What is Policy?
Policy states the intent to achieve certain goals and objectives through a conscious choice of means. It is binding on all members of society. That is why policy is important to address, especially when talking about environmental issues. It affects us all. We all share this earth, we all breath from the same atmosphere, our actions are affecting people all over the world. America is leading the way in environmental degradation too.
This discussion in class (facilitated by Dr. Lindsay Lupo – PLNU Political Science Prof) was about how to regulate environmental actions. Or is it even possible? Do we need the government involved? What good is public policy?
I found this session interesting because I always wondered how effective lobbying or policy making really was. As voters, we are encouraged to meet with our state reps and voice our concerns and be involved in politics. I personally have been very apathetic about politics for most of my life. I see it as divisive and complex. Something I didn’t want to waste time on. But now, I’m not so sure.
Environmental Policy has been a contested issue since the 1970s.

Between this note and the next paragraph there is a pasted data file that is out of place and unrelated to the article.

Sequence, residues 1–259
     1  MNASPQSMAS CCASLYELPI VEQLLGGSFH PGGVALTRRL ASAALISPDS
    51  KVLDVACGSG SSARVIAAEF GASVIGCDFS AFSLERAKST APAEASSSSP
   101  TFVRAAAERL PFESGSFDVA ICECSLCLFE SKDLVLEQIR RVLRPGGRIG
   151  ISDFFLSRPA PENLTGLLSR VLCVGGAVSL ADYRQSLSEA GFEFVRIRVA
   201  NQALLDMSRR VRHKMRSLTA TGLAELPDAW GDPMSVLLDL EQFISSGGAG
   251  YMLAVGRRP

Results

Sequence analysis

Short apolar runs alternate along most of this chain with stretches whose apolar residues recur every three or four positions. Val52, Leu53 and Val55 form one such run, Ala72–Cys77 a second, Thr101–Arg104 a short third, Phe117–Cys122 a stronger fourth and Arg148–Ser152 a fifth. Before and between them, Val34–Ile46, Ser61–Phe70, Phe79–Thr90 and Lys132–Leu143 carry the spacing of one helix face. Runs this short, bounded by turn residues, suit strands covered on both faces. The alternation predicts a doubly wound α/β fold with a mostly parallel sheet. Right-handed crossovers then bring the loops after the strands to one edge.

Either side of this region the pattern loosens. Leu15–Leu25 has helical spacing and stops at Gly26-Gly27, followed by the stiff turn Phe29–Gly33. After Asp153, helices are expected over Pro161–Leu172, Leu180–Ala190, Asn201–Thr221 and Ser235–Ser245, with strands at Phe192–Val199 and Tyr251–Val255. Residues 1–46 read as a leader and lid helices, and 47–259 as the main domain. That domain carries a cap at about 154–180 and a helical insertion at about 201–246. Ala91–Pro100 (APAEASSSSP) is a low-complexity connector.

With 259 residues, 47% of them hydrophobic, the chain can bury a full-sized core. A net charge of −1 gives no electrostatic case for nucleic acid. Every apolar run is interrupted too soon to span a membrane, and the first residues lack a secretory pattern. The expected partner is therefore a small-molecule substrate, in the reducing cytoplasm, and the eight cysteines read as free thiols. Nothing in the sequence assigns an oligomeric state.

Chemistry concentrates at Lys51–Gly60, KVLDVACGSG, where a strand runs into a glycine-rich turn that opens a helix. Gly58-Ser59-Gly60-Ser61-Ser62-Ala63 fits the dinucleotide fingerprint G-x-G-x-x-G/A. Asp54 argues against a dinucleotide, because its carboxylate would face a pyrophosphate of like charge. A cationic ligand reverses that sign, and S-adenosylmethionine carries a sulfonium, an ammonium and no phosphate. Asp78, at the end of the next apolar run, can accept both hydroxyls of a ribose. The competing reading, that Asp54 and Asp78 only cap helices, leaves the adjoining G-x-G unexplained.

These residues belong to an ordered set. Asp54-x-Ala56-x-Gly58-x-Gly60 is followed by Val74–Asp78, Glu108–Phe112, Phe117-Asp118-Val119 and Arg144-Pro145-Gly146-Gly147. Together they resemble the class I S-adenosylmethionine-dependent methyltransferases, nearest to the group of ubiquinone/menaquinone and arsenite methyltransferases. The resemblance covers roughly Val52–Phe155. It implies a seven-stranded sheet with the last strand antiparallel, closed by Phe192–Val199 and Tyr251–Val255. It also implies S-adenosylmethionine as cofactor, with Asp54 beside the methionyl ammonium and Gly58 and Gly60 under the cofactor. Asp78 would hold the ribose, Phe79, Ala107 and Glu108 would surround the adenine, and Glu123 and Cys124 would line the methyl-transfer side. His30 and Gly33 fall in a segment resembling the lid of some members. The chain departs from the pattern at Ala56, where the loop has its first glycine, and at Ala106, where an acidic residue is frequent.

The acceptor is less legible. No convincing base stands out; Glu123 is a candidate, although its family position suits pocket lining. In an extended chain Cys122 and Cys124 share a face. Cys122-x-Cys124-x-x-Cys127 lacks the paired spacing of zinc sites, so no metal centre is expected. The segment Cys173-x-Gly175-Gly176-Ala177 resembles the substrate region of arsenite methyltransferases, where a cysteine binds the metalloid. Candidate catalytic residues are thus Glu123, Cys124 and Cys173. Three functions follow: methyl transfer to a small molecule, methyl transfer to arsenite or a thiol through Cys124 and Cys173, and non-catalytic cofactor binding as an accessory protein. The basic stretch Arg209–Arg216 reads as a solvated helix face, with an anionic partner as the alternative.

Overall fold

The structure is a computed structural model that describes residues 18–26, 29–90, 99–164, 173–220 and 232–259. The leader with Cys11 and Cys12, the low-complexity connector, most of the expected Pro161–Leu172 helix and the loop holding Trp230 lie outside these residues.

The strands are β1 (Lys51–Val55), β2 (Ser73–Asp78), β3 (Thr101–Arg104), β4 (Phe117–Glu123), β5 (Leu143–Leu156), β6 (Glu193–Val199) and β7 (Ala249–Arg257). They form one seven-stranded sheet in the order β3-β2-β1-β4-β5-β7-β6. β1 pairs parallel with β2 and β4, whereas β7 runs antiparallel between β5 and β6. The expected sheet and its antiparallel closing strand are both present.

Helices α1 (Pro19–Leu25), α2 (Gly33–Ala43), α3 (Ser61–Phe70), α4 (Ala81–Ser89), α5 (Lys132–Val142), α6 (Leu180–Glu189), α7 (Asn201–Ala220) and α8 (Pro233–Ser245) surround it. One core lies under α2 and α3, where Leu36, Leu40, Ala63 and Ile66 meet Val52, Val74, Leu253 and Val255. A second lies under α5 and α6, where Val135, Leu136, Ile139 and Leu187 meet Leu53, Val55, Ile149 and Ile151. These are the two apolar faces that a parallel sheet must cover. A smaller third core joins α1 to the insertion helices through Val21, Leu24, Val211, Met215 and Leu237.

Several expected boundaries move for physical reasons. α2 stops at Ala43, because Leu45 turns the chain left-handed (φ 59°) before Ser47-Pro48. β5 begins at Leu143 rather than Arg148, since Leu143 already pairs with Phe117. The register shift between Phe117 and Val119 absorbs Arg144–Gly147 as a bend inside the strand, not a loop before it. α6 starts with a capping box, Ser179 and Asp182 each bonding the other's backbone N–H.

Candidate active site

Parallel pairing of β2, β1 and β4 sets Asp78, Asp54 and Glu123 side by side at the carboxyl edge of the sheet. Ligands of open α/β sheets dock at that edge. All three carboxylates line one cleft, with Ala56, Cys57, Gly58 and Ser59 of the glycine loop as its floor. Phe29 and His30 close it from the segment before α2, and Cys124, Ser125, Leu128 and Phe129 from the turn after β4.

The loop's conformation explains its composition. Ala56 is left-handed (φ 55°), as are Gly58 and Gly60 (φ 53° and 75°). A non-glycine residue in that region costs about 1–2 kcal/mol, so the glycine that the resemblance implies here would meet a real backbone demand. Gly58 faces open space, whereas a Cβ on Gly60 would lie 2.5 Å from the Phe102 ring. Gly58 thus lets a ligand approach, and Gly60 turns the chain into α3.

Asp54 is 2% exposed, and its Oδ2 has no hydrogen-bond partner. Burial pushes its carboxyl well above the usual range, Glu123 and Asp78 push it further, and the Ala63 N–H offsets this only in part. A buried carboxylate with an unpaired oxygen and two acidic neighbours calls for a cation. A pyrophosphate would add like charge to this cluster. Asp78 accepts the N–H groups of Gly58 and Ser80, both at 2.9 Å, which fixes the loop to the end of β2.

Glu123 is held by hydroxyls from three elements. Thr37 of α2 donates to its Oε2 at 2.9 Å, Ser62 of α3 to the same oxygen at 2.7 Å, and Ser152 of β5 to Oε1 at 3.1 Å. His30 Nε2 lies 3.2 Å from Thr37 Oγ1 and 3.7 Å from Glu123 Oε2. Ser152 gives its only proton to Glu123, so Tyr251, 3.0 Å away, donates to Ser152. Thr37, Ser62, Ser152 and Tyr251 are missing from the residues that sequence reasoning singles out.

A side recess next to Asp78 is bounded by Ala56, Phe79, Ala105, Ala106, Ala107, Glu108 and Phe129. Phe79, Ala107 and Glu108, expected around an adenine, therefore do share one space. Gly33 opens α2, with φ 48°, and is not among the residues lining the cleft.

I know what you were thinking… “yah, the Hippies were all about that environmental mumbo-jumbo…” If only, we’d listened to them back then.
Public Policy is “a stable course of action to deal with a public problem” (Dr. Lupo). The debate is over government intervention in a mostly private/market-based sector (in which environment issues tend to be).
So, what is the role of government with environmental stewardship?
Here’s the deal: we (the voters) don’t want the government to control us, yet we cant change to happen. So what do we do about this tension?
The government can protect, set standards, require compliance, and set limits on people to act in accordance with good environmental practices. Sometimes this is necessary because the private sector doesn’t always come through and act rightly.
But if we the people are seeking to hold others accountable to environmental standards, then we need to seek policies that help us, because the government has most of the power to make this a reality…
In my reading, I found policy making to be much more complicated than I thought. It is a slow process and faces much divided authority. It is often about good timing and enough generated interest. It is the people, the general public that generates this mass interest. I still have hope that people can make a difference, but we must make efforts to do so. Because when issues are highly visible in the public, then political leaders will act cohesively to support our causes…
That is the hope at least. The public interest all too often loses out.
But… there is still so much we can do:
- Write public officials
- Join interest groups
- Visit EPA website
- Attend rallies & demonstrations
- Attend city council meetings
- simply CARE!